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#91 of 118 Old 06-19-2011, 06:47 AM
 
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Originally Posted by velochic View Post

However, the education that kids receive in the US can.not.at.all be compared to the educational system in most of Europe, including Germany.  It's a rare child in Germany who isn't WAY beyond their American peers academically with only a couple of years of formal education.  Once kids in Germany start school, it is INTENSE beyond anything that occurs in the US.  Great, the kids get a break until they're 7, but then after that, the academics are much more intense than anything we have in the US (except for private schools that are academically-inclined).  That's also what makes Europeans better at things like science, math, and problem solving when they are older.  My dh, who is a computer science prof says that non-American students that have just a high school education are usually more academically advanced than American students with post-secondary degrees.  But starting early vs. the intensity is not a fair comparison at a young age.  (We have many, many friends, including dh's best friend with 5 kids who have been in the German education system... and some who have been in both the German and American systems, so I'm well aware of the differences.)  It doesn't matter what American kids do.  They'll never catch up to their non-US peers because the whole system is screwed up.



I think that this is an excellent point.  Doesn't Germany still do the system where you take a very intensive test when you're 10 or 13 or something like that to see if you'll even be allowed to continue academic schooling and eventually end up at University?  Somehow I doubt that, if a child only starts school at 7 and then is expected to take this test just a few years later, those years are filled with skipping through the forest looking at gnomes.  I would also assume that, even if it's not widely noticed by people from a different country/culture (i.e. us), there's plenty of on-the-down-low prep work that starts well before formal schooling begins to make sure that kids start on the right track to acing their exams.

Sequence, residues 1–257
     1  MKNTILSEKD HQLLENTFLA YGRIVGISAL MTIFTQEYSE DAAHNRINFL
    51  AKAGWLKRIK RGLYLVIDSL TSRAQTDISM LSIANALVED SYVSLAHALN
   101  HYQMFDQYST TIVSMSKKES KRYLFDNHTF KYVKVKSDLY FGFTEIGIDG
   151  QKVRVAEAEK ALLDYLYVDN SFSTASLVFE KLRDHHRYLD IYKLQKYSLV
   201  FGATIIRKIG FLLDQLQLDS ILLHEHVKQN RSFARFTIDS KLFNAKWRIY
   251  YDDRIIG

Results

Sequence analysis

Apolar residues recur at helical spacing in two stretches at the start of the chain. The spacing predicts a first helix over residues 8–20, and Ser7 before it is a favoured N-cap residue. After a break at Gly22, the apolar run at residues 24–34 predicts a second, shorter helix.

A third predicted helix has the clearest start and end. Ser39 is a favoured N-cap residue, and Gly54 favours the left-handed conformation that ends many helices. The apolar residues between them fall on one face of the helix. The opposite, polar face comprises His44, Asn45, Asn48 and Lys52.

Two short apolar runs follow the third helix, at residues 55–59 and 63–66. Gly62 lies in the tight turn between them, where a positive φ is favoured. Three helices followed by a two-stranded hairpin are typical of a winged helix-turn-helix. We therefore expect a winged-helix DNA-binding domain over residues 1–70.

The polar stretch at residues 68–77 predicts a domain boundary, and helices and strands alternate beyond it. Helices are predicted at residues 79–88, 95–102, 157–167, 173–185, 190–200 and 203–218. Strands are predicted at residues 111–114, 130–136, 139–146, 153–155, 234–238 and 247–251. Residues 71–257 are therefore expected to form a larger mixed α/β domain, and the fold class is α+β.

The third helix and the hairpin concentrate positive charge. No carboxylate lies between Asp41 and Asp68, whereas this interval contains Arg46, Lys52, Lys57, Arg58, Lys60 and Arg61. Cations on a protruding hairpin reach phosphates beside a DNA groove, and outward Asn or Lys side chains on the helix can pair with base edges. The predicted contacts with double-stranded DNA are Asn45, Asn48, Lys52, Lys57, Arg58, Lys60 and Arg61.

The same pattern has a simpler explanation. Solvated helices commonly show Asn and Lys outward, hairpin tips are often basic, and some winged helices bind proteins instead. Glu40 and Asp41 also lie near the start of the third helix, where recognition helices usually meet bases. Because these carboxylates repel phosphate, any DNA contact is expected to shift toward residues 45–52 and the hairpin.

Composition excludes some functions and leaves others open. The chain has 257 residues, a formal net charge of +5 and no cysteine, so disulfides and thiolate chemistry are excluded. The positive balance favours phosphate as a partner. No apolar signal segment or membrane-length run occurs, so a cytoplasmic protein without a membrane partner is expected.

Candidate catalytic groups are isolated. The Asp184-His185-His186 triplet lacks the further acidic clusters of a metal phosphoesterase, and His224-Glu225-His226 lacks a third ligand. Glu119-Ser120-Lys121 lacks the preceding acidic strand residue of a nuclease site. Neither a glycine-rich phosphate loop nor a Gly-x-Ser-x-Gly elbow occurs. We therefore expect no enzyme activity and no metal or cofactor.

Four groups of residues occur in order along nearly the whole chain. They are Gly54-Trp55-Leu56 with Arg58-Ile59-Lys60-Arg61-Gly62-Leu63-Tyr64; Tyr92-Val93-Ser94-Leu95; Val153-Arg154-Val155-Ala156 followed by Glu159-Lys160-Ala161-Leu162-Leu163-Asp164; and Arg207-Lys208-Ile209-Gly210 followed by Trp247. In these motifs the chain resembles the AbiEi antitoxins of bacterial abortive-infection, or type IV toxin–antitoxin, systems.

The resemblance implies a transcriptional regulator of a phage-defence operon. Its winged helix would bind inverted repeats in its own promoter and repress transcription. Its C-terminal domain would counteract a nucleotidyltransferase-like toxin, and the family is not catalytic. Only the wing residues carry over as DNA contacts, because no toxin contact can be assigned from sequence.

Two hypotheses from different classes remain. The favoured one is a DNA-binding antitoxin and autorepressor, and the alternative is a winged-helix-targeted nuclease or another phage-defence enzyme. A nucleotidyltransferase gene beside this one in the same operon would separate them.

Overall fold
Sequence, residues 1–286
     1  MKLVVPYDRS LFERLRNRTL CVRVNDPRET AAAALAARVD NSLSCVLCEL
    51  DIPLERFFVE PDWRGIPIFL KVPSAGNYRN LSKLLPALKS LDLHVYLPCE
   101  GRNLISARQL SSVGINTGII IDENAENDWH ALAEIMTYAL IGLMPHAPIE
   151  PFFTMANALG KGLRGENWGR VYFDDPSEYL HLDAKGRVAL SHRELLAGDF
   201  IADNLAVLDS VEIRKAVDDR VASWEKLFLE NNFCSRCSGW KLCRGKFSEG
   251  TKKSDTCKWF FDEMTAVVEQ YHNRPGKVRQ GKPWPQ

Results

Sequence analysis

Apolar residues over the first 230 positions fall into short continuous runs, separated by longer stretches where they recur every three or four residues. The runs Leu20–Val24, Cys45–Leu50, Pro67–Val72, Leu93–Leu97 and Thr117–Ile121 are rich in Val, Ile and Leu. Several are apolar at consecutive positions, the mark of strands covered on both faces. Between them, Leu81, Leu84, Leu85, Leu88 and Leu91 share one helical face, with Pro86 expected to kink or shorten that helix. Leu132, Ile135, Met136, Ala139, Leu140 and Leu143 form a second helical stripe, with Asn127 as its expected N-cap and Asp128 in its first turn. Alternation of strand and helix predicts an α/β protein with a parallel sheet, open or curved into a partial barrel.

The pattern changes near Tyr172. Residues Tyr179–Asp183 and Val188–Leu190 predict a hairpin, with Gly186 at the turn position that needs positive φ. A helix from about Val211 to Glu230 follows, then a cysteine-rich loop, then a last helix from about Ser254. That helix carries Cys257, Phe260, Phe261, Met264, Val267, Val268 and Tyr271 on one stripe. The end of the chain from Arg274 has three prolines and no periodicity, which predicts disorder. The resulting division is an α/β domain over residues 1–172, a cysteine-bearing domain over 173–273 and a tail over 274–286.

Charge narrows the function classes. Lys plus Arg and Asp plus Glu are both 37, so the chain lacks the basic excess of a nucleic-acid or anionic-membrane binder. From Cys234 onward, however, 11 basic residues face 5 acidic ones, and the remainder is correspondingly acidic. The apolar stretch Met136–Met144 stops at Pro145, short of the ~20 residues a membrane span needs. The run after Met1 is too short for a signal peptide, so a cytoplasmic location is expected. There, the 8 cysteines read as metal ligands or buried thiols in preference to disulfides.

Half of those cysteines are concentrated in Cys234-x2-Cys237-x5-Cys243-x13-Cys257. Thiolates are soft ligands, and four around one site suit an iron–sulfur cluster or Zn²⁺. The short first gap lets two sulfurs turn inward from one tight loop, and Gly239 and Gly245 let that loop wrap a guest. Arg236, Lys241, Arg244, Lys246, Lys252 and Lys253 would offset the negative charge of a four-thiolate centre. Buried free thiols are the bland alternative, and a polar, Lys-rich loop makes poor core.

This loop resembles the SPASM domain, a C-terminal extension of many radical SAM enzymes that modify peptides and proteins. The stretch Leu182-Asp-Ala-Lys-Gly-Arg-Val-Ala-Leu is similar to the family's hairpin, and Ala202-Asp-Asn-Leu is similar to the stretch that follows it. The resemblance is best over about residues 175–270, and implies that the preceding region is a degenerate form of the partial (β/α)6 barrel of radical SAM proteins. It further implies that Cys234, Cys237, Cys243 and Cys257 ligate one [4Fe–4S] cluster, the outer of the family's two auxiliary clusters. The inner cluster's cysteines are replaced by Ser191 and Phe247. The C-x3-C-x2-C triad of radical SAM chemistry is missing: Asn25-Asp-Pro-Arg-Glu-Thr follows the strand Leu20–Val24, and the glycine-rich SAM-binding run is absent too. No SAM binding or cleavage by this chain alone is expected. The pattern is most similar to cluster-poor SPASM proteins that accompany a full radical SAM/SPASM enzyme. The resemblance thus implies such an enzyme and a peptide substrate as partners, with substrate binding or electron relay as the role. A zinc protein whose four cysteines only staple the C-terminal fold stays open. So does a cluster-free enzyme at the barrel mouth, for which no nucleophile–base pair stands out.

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#92 of 118 Old 06-19-2011, 07:42 AM
 
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I think that this is an excellent point.  Doesn't Germany still do the system where you take a very intensive test when you're 10 or 13 or something like that to see if you'll even be allowed to continue academic schooling and eventually end up at University?  Somehow I doubt that, if a child only starts school at 7 and then is expected to take this test just a few years later, those years are filled with skipping through the forest looking at gnomes.  I would also assume that, even if it's not widely noticed by people from a different country/culture (i.e. us), there's plenty of on-the-down-low prep work that starts well before formal schooling begins to make sure that kids start on the right track to acing their exams.


I've wondered about that too. I don't know enough about the stats to have a clue, but I've wondered if they take tracking into account when they are coming up with the stats saying the U.S. is doing so poorly. I also wondering if they are taking into account the huge educational gaps with have in our country related to race and socioeconomics. Are our "good" school that far behind? Or is it the huge gaps we have with our poorer schools preforming terribly. I think there is also a culture in this country that just doesn't value education.....